Imma comes back with a bang
The Irish Museum of Modern Art is reopening its main building, at the Royal Hospital Kilmainham, with a weekend of family-friendly events – and a terrific Eileen Gray exhibition
Interactive installation: Rhona Byrne’s Bolthole
One Foot in the Real World: curator Marguerite O’Molloy prepares an untitled 2001 work by Louise Bourgeois. Photograph: Dara Mac Dónaill
One Foot in the Real World: Max Bill’s Doublement. Photograph: Dara Mac Dónaill
In the Line of Beauty: Lisa Murphy’s Colour Sphere Rating System for Consumer Responsibility. Photograph: Dara Mac Dónaill
Eileen Gray: Architect Designer Painter: curator Chloé Pitiot checks part of the exhibition. Photograph: Dara Mac Dónaill
Eileen Gray: Architect Designer Painter: art handler Andrew Cassidy installs part of the exhibition. Photograph: Dara Mac Dónaill
Celebrated: Eileen Gray
When the Irish Museum of Modern Art closed its doors in November 2011 for essential work on its base, the Royal Hospital Kilmainham, the fact that the building was earmarked as a venue for events during Ireland’s EU presidency in the first half of this year seemed likely to ensure that it would reopen, as planned, last January.
Complications soon emerged, including the planning permission needed before an essential new art lift could be installed. July this year was proposed as a more likely reopening date, and programming proceeded on that basis, but by the end of 2012 it was clear that October was more realistic.
So it has proved to be – though work on the lift will continue until the year’s end. In the meantime, Imma’s off-site residency in the National Concert Hall building, on Earlsfort Terrace, was extended. There were even suggestions that Imma should retain Earlsfort Terrace as a city-centre venue, but the pattern of delays in reopening Kilmainham put paid to that.
The residency had its up and downs. It included Alice Maher’s extremely popular and successful survey exhibition. The group show that succeeded it, I knOw yoU, was extended through the summer, long past the point at which it had exhausted its potential audience.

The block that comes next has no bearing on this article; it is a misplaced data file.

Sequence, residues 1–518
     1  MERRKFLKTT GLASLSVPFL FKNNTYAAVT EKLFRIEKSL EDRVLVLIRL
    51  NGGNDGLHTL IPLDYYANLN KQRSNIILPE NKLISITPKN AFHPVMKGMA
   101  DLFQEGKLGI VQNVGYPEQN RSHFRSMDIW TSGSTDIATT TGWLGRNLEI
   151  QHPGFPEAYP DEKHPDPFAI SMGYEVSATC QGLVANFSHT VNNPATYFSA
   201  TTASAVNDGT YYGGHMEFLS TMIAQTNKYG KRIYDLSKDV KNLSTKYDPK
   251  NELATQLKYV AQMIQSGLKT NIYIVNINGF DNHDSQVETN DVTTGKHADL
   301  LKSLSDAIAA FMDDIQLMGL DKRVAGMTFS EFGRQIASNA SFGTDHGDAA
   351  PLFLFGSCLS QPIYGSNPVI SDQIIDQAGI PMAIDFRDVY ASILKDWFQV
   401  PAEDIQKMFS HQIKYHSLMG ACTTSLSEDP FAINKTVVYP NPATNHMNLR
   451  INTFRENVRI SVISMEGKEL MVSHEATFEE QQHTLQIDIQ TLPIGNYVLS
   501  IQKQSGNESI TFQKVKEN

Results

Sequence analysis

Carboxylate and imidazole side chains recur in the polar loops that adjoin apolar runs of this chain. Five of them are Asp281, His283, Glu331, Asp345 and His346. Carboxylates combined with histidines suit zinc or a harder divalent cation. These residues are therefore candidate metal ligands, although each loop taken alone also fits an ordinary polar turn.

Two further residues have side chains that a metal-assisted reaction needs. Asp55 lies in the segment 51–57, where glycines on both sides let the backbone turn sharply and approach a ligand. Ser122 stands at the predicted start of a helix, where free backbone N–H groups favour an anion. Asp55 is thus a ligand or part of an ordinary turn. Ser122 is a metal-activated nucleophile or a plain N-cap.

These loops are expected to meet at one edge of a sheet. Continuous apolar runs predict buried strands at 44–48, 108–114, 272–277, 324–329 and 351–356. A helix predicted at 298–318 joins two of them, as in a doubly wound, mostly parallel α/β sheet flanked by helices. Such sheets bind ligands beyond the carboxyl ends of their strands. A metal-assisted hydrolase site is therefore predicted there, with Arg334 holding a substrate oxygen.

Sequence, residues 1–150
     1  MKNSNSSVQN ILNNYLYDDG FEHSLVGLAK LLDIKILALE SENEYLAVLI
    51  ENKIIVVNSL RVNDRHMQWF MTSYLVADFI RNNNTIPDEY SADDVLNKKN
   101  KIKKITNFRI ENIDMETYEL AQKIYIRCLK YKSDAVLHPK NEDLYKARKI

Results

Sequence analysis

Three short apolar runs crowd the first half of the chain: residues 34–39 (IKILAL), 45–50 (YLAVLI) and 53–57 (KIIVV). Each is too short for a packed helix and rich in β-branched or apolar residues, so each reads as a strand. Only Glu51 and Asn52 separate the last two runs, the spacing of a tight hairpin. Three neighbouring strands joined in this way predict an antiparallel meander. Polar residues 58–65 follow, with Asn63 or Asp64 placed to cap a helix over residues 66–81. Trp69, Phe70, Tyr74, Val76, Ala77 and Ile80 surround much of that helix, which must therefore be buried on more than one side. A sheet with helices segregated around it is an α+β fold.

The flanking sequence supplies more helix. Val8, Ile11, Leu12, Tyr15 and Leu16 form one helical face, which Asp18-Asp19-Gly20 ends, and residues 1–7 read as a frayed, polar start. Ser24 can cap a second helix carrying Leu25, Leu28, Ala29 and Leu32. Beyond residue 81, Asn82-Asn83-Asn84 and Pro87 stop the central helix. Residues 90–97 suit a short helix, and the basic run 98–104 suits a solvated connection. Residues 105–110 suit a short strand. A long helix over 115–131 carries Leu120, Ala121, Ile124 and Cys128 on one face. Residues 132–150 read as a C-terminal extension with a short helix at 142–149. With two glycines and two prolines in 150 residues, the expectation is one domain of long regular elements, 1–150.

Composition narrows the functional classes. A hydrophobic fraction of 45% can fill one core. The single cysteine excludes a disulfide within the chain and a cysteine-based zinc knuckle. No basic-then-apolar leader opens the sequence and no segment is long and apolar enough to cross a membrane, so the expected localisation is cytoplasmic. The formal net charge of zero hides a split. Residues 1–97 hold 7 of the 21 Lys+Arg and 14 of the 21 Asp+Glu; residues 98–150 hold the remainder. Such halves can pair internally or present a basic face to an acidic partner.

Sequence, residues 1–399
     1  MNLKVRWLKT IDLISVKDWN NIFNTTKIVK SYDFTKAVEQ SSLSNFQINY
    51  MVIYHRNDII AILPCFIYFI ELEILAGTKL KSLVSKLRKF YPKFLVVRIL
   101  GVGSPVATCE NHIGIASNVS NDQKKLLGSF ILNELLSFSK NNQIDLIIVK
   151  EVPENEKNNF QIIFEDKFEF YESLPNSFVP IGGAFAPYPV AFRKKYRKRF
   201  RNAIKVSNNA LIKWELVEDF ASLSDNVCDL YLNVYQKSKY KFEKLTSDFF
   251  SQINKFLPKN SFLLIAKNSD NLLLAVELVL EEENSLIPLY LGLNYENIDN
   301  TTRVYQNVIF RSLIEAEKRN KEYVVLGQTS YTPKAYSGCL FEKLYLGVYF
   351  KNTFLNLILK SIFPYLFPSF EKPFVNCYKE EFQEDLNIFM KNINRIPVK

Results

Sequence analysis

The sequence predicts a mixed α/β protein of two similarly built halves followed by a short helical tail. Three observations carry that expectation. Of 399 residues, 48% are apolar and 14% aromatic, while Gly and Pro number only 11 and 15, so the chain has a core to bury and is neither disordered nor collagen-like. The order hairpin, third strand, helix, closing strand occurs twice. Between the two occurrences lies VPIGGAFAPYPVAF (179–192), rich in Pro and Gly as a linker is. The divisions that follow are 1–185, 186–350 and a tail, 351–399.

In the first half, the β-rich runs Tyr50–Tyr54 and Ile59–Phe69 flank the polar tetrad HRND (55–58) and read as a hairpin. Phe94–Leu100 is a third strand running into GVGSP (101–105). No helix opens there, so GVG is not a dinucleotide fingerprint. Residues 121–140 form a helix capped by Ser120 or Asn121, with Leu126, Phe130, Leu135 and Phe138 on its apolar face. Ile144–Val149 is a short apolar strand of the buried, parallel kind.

Now, finally, Imma is reopening its main building at Kilmainham, with a family- friendly weekend of talks, tours and events, including Bolthole, Rhona Byrne’s interactive installation, starting at noon today and tomorrow, and culminating in a tea dance at 4pm tomorrow.
The newly renamed Garden Galleries, currently housing the excellent Leonora Carrington exhibition The Celtic Surrealist, have been open throughout the works, and the Carrington is something of a dream date with Eileen Gray: Artist Designer Painter, in the main building. “We suddenly noticed that the programme was strong on women,” says Sarah Glennie, Imma’s director. “It wasn’t a conscious thing.”
Prompted by those two shows, One Foot in the Real World, a concurrent exhibition drawn from the permanent collection by Marguerite O’Molloy, an assistant curator, foregrounds work that takes the psychology of architectural space as a starting point. It’s not just a question of taking work from the storeroom. Several installations are very ambitious, technically and physically. Antony Gormley’s Still Falling is a disconcertingly massive cast-iron sculpture. The raw blockwork enclosure framing Mark Manders’s installation sets a bleak tone. Juan Muñoz’s Dublin Rain Room is a model of the room it occupies, except with rain falling perpetually, as though in a film by Andrei Tarkovsky.
A past criticism of Imma is that it does not do enough for new Irish art. Perhaps mindful of this, In the Line of Beauty is a modestly scaled show featuring 11 younger Irish artists, including two recent graduates, juxtaposed with the engravings by William Hogarth, the 18th-century English artist, from which the phrase stems. Rachel Thomas, who has curated In the Line of Beauty, had in mind the way younger artists find novel concepts of beauty.
Sarah Glennie is keen to focus on emerging Irish artists. “In its early days Imma was exceptional in bringing in contemporary art from abroad. Now there are a number of institutions doing that. We have to make sure Irish art gains an international profile. I’ve no doubts about the quality of the artists. We’re opening our studio residency programme to curators from abroad, for example, so they can come and make studio visits. Acquisitions is a much more difficult issue. They can only improve with fundraising.”